Since Angel was now his feeder, I instructed her to catch him when possible, and bring him to me in Winchester, where I lived with my mom. I would take him to the vet, and if he checked out fine, I’d bring him into our home to be a companion for our kitten, Oki.

Oki was incensed that another cat even existed, much less was in her home. But inside of two weeks, the two were cuddling and grooming one another. We had a monitor in my mom’s room so we could hear her calling out when she needed something, and I recall hearing Grendel, over the roar of the oxygen machine, emitting his guttural roar as my dying mother tried to sleep. She asked me once, politely, “How long will Grendel be staying with us?”

Sadly for Mother, Grendel would be staying much longer than she could; she died in late July, only a month and a half after he arrived.

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Nine months after Mom died, Grendel moved with Oki and me to North Carolina. The move was rough for him, and included an embarrassing stop at the Tennessee border to clean him up along the way. My friends Mary and Joe helped out, and when Grendel was ready to travel again, Joe said, in what has become an infamous metaphor, “Let’s get this rock star to the show.”

Now our family has gained three more beings: John, Dukkha Dog and Puppy Ivy. Grendel takes it all in stride. He loves his cushy indoor life, with Havarti cheese cut into 14 tiny cubes at least once a day, a dollop of vanilla ice cream late in the evenings, and a sunny window seat with comfy cushions for his throne. He still slinks away from affection, but always purrs when being carried or sleeping on my feet at night. He and Oki spend hours every day in their outside cabana, and go for walks in my big fenced-in back yard. Occasionally Grendel will jump the fence and stay out on his own for several hours, but he always comes home.

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Six years he was a shed cat on Mountain Springs Road, and six years he was feral and survived, thanks to Jim Smith and the camp Angels, and his own cat smarts. Now he is almost 15, and is in great shape.

Sometimes in the wee hours before dawn, he lifts up his raucous voice to the heavens and bellows out a sound that I’m sure would make even Beowulf wonder: Is he giving thanks? Does he miss his mates from the old days? Does he want to prey on a mouse? Or does he just want more of his dry catfood, NOW!

Belial (back) and Jimmy (in front) on the porch of the Mountain Springs Road cabin circa 2004.

Belial (back) and Jimmy (in front) on the porch of the Mountain Springs Road cabin circa 2004.

Belial having just moved from the mountain in December of 2006.

Belial having just moved from the mountain in December of 2006.

Chickadee when I first saw the shed cats again at the camp in Feb. 2012.

Chickadee when I first saw the shed cats again at the camp in Feb. 2012.

Mary and me, bringing food to the cats at the camp, Feb. 2012

Mary and me, bringing food to the cats at the camp, Feb. 2012

When I first brought Grendel home, Oki was incensed.

When I first brought Grendel home, Oki was incensed.

Grendel on his first day back in a home, dealing with Oki's growling.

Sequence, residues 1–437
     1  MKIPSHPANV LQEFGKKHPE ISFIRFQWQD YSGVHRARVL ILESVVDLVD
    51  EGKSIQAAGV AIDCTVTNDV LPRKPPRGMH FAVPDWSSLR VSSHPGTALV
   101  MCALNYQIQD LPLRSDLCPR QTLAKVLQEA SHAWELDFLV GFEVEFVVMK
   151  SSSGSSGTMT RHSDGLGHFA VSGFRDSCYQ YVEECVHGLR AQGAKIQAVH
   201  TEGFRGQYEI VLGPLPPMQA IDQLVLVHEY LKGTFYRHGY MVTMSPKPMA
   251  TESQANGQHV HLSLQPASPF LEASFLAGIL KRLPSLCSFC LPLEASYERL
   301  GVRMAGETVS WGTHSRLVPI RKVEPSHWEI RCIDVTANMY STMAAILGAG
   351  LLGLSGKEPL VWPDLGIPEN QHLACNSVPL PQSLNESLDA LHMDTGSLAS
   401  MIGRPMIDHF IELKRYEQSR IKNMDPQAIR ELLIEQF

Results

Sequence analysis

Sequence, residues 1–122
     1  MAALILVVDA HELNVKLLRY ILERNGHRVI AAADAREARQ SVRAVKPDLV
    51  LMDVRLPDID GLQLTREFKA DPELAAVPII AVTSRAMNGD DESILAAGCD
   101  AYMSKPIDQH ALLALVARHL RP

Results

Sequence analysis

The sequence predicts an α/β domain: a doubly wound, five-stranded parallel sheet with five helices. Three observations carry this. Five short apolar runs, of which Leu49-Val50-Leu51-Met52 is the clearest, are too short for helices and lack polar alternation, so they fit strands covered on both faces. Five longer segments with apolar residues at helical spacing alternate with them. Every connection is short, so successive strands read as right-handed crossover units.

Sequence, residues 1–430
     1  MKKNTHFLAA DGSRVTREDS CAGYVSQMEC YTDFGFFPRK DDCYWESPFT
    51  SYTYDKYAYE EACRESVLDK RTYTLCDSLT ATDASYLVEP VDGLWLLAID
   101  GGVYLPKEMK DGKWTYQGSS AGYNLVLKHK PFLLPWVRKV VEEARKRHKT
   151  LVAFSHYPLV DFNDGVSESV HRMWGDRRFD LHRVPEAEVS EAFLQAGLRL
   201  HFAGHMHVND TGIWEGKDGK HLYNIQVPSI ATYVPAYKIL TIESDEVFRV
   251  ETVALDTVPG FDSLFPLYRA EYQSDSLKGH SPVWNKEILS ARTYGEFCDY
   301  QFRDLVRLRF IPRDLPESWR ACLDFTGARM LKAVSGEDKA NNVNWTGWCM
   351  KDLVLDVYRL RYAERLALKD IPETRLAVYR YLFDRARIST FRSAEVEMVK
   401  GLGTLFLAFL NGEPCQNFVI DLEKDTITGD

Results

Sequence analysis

Grendel on his first day back in a home, dealing with Oki’s growling.

Within two weeks, Oki and Grendel were close friends.

Within two weeks, Oki and Grendel were close friends.

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Oki says, so long for meow.

Oki says, so long for meow.



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Paper dolls, flow and the art of … whatever!

7 Nov

I first penned this essay back in 2008, but never published it myself. This is a slightly edited version to bring it up to the current date. Pottery by Cindi Cusick; digital painting by Kathleen Farago May.

UnknownIn his best-selling 1990 book, Flow: The Psychology of Optimal Experience, Dr. Mihaly Csikszentmihalyi (pronounced “chick-sent-me-high-ee”) defined and explored the concept of “flow” as our experience of optimal fulfillment and engagement. Flow, whether in creative arts, athletic competition, engaging work or spiritual practice, is a deep and uniquely human motivation to excel, exceed, and triumph over limitation.

Csikszentmihalyi gives me a form of self-confidence through his concept of “flow” that I confess I never gained from the term “art.” As a society, we tend to think of “art” as primarily the creative arts – music, visual art forms and creative writing being the three that most readily come to mind. But those of us not blessed with talent in one of these areas are often left feeling like the ugly duckling or the Cinderella in a world full of artistically graced swans and stepsisters.

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From childhood, I recall the many lessons (piano, ballet, tap, violin and voice) my mother was enterprising enough to involve me in – all of which gave me my true appreciation for music, but none of which “stuck” in the sense that I ever felt from them “optimal fulfillment and engagement.” Instead, I felt sick on the curvy roads to and from the lessons, mortal fear at recitals, self-consciousness about my too-thin body at dance reviews, and basically overwhelmed by what I call the perfectionist’s script for self-defeat: with so many things to do, how could I ever do any one thing well?